Sabres goalie Ryan Miller uncertain if he fits into Buffalo’s long-term plans

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“I don’t know what the plan is.” Defenseman Christian Ehrhoff isn’t sure what to expect this offseason. “When you trade your captain, there shouldn’t be any surprises,” Ehrhoff said. “Personally, I definitely hope to have (Miller and Vanek) on the team next year, because they’ve been really good players for us.” Another question is who will take over as coach. One candidate is interim coach Ron Rolston, who went 15-11-5 after Ruff was fired. In finishing 21-21-6, Buffalo missed the playoffs for the second straight season and fourth time in six years. And the Sabres have not won a playoff series since 2007 when they made their second consecutive trip to the Eastern Conference finals. That’s doesn’t come anywhere close to the Stanley Cup-contending aspirations owner Terry Pegula expressed upon purchasing the franchise two years ago. Pegula has been one of Miller’s biggest backers, at one point suggesting he intends to have the goalie finish his career in Buffalo. Miller would like nothing more, and spoke of the loyalty he has for the city and the team. “It has been about my heart being here, and wanting to be here. source:

Sabres GM Regier cautions fans of more ‘suffering’

He had no immediate answer on whether interim coach Ron Rolston will take over the job on a full-time basis next season. Rolston went 15-11-5 in finishing the season after longtime coach Lindy Ruff was fired in February. And Regier said it was too early to tell whether his start-from-scratch plans will include keeping goalie Ryan Miller and leading scorer Thomas Vanek or trade one or both before their contracts expire at the end of next season. ”It’s an unknown right now,” he said. ”We’ll do everything we can to make them a part of this. But we’ll have to see.” The only thing certain is that Regier isn’t going anywhere even though he’s taken the brunt of blame for a team that stumbled to a 21-21-6 finish and missed the playoffs for a second straight year, and fourth time in six seasons. Sabres president Ted Black said the team will honor the contract extension it reached with Regier in January. And Black backed the rebuilding plan Regier began putting into place at the end of last season. Regier is getting yet another shot in a job he’s had since June 1997. ”I don’t take any of this for granted in any way. And I’m extremely grateful for this opportunity,” Regier said. source:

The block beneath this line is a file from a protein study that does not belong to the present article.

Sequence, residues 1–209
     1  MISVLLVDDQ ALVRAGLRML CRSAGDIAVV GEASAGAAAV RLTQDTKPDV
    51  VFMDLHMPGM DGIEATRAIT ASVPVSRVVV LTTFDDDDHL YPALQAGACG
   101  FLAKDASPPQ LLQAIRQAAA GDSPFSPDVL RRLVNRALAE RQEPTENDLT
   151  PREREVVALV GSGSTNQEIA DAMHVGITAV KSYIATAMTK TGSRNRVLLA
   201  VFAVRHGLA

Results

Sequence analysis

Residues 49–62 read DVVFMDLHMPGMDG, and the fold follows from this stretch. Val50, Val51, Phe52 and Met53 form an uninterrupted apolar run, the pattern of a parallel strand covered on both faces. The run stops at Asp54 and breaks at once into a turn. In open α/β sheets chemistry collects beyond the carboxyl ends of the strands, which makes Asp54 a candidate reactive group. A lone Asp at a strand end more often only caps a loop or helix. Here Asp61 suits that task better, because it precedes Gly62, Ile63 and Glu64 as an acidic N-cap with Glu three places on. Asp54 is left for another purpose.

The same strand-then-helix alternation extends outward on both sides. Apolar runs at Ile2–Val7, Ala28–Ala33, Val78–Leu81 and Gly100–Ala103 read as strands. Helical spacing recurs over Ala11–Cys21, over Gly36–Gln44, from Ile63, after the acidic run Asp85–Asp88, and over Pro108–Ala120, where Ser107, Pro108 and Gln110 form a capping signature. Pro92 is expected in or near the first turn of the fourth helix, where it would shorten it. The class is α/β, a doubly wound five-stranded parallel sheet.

Brazen Buffalo blames CBA for tix boost

The letter to the Sabres’ band of season-subscribers informing them of the price increase was over the name of John Sinclair, VP of Tickets and Services, but it is impossible to believe the owner was not either involved with or informed of the communique, as follows: “Before next season, one necessary change we’ll be making is increasing the average price of our tickets by roughly 4% across all ticket levels and seat locations,” the letter begins. Ah. “A necessary change.” Why? Oh, here it comes: “As part of the new Collective Bargaining Agreement with our players, all teams must produce revenue primarily through ticket sales in order to keep the stability of the league and its franchises strong,” the communication continues. Is Buffalo ownership contending the preceding CBA presented greater opportunities for clubs to generate revenue and this agreement that followed a three-month lockout is restrictive? Is Pegula claiming that because more of the fans’ money goes into his pocket under this agreement as opposed to the preceding one, they should pay more? Is Buffalo ownership suggesting this CBA places the burden on Sabres’ season ticket-holders to keep the league stable? Do Pegula and his executive cabinet believe the club’s fans are so naïve they will buy any of this, even if they continue to buy tickets to watch a team that has failed to make the playoffs in six of the last eight seasons? The owners keep more under this CBA. They locked out the players — and the fans — for three months in order to keep more. source:


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